Hopewell Rocks, also known as Flowerpots Rocks are beautiful rock formations shaped by the constant force of one of the most important tides in the world. We are located on the Atlantic coast of eastern Canada, exactly in the Bay of Fundy, an inlet that separates New Brunswick from the Nova Scotia peninsula. The incredible variations of the tide of these cliffs can reach 16 meters in height in just 12 hours, taking the same amount of time to retreat. It is a phenomenon capable of moving 115 billion tons of water in and out of the bay at least twice a day.
The Hopewell Rocks are scattered along a mile of coastline and are an extraordinary area of strangely shaped rocks. They are the result of millions of years of transformation, a slow and inexorable erosion of the tide water with a continuous ebb and flow that has sculpted the base of the rocks, giving them truly suggestive dimensions and profiles. It is a landscape that changes from day to night, where at low tide it is possible to walk on the beach, while the rising waters leave space exclusively for visitors in kayaks.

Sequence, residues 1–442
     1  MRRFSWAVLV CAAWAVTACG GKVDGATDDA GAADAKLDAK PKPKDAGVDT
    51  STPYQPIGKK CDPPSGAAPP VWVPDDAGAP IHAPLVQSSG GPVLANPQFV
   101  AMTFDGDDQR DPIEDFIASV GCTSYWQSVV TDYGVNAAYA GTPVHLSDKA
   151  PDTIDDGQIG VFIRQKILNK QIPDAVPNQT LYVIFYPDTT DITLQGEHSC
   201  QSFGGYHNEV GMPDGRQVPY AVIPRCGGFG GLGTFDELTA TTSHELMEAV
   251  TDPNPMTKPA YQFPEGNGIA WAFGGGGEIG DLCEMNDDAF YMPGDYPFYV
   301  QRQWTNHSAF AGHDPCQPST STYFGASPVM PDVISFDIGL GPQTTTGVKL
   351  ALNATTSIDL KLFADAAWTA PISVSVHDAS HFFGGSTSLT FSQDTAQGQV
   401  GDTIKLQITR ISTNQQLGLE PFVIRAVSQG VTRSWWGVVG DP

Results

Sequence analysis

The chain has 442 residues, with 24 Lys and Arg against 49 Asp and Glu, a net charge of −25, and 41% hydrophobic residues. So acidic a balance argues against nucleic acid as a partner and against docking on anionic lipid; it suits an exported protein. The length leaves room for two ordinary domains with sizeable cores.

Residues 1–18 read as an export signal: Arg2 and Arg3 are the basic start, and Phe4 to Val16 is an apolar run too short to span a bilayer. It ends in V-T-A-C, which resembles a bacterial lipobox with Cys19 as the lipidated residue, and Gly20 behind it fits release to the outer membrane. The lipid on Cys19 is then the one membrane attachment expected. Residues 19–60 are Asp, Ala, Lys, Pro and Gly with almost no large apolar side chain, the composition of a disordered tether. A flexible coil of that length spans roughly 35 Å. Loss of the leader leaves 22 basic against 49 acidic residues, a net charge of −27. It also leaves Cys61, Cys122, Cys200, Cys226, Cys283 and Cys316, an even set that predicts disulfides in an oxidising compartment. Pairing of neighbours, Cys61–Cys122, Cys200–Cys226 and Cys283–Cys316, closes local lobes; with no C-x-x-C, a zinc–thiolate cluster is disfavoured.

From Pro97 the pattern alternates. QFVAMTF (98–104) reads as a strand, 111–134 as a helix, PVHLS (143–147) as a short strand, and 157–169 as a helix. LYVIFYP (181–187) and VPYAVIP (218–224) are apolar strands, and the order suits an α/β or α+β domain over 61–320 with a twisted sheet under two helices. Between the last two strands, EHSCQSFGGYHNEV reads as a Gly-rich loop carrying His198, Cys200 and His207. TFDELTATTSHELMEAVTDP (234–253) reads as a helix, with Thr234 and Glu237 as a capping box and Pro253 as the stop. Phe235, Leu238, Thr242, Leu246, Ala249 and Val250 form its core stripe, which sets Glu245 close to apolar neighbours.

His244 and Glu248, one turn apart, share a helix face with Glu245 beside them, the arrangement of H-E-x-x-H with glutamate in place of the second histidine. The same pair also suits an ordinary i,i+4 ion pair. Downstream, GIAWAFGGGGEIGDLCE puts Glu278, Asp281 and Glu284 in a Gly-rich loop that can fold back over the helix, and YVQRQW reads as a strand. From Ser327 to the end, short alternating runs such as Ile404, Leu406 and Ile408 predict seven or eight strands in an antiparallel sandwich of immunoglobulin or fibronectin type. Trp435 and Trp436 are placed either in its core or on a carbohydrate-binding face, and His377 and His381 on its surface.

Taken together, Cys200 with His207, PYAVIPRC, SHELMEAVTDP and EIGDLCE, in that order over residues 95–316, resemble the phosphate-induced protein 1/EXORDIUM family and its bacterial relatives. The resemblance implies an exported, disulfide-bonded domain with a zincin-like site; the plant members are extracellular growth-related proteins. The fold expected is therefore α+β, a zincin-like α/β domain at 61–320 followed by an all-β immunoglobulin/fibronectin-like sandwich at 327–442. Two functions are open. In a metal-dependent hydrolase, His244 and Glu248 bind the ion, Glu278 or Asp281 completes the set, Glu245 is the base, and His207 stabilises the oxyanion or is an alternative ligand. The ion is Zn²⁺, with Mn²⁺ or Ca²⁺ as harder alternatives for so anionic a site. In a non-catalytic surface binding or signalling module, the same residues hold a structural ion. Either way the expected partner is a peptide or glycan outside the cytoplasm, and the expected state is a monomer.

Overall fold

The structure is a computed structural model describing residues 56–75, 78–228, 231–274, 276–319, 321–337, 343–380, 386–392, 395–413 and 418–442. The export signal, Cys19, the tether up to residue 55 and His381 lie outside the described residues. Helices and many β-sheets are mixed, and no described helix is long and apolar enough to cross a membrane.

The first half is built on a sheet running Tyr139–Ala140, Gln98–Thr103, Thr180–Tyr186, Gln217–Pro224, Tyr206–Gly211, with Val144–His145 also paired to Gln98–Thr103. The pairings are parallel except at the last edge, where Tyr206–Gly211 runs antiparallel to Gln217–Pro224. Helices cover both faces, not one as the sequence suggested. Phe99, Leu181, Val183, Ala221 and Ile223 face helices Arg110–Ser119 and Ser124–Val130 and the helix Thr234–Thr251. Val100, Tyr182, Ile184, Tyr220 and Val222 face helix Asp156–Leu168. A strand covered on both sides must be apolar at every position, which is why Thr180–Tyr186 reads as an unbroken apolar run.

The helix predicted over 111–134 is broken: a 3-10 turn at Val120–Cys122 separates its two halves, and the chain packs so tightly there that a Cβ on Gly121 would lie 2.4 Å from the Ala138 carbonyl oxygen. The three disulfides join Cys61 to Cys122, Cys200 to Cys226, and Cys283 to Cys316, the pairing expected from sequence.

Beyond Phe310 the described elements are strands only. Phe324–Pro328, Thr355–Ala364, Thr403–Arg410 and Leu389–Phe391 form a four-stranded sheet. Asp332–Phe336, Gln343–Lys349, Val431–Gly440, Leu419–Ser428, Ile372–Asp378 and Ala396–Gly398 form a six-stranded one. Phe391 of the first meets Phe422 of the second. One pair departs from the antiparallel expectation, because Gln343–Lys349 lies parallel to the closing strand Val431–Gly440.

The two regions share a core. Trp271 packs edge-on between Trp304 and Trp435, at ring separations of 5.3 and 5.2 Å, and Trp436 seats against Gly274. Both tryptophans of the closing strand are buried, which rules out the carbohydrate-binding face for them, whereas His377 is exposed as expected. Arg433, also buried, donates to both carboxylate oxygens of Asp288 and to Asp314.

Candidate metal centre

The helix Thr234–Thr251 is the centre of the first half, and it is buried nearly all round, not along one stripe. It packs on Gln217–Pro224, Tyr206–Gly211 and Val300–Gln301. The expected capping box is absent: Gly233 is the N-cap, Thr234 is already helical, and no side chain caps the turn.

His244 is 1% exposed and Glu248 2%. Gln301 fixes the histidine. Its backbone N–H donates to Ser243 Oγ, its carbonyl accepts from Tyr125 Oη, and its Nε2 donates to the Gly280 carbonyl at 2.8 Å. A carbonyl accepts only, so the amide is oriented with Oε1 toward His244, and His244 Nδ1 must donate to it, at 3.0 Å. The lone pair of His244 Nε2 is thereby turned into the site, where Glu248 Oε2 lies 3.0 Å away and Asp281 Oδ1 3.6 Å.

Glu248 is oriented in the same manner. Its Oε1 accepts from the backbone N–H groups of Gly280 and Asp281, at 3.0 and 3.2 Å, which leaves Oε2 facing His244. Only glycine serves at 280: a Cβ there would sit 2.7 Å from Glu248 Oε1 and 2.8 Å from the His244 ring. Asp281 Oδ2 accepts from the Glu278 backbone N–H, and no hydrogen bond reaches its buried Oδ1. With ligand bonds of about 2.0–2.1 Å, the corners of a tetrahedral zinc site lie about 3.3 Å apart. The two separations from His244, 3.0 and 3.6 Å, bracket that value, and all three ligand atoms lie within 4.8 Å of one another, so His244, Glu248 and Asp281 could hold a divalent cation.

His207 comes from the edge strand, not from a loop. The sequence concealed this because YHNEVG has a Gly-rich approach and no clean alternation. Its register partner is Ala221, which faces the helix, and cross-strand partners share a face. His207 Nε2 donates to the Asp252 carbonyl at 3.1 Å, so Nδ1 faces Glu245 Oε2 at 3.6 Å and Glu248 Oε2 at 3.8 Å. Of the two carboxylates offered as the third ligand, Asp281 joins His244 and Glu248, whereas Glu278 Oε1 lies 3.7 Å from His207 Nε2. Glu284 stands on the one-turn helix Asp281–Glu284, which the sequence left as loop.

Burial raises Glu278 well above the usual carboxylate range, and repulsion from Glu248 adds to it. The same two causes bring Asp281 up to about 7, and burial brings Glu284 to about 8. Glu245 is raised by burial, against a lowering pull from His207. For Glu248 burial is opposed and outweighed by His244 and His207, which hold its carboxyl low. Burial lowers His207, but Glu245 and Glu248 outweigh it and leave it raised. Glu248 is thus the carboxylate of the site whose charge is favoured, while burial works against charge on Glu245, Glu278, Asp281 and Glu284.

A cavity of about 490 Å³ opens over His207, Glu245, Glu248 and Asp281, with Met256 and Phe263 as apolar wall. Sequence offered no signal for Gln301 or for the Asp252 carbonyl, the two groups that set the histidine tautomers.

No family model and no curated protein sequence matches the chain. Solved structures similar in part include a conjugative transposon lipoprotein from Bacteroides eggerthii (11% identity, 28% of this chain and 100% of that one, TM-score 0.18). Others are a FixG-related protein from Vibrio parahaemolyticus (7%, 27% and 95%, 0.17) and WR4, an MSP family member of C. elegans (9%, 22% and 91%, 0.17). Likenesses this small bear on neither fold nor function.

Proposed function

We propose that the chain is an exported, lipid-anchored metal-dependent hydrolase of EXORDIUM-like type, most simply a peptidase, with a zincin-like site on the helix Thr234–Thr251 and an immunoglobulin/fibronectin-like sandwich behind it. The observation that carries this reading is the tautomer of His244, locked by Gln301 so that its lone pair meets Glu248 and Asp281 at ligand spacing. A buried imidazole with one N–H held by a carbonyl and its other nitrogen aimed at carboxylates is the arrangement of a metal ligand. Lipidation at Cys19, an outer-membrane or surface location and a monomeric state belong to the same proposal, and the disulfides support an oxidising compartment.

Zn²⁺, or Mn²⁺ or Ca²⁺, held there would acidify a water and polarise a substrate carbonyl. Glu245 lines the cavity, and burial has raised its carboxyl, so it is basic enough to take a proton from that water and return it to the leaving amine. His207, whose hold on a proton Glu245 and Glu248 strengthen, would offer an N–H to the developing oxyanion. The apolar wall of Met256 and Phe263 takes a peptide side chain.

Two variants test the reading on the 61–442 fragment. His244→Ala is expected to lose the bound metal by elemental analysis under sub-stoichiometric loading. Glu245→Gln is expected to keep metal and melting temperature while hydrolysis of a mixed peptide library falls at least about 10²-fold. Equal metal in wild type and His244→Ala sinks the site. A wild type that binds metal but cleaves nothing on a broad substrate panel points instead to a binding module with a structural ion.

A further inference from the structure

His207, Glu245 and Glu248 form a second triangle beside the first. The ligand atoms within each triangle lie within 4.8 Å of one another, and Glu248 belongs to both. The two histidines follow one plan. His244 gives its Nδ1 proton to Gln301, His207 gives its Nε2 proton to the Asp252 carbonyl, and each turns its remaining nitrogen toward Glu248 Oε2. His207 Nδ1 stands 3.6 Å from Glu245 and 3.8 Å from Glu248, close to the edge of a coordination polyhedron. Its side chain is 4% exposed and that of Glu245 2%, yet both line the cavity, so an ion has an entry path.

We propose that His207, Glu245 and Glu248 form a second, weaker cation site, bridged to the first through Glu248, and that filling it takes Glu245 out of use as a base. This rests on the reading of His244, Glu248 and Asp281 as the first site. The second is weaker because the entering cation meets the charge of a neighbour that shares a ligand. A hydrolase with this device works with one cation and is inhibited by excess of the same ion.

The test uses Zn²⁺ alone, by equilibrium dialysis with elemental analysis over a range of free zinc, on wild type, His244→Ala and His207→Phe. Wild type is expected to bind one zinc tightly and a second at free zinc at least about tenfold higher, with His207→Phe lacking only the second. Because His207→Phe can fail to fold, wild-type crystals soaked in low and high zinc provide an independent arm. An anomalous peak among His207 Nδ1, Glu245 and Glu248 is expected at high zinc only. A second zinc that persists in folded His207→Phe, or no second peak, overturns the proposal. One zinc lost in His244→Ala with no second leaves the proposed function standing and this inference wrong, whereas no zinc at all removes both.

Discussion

A walk along the shoreline at the foot of these unusual algae and shell-covered rock formations that will be submerged in just a few hours is an experience that leaves visitors amazed. The whole area, made safe by the managers of Hopewell Rocks Provincial Park, can be reached via an iron staircase complete with a viewing platform, or along one of the many paths that gradually descend to sea level. It is possible to book a guided canoe excursion and closely admire the imposing trees that sprout on the tops of these beautiful rocks, weather and tide permitting.
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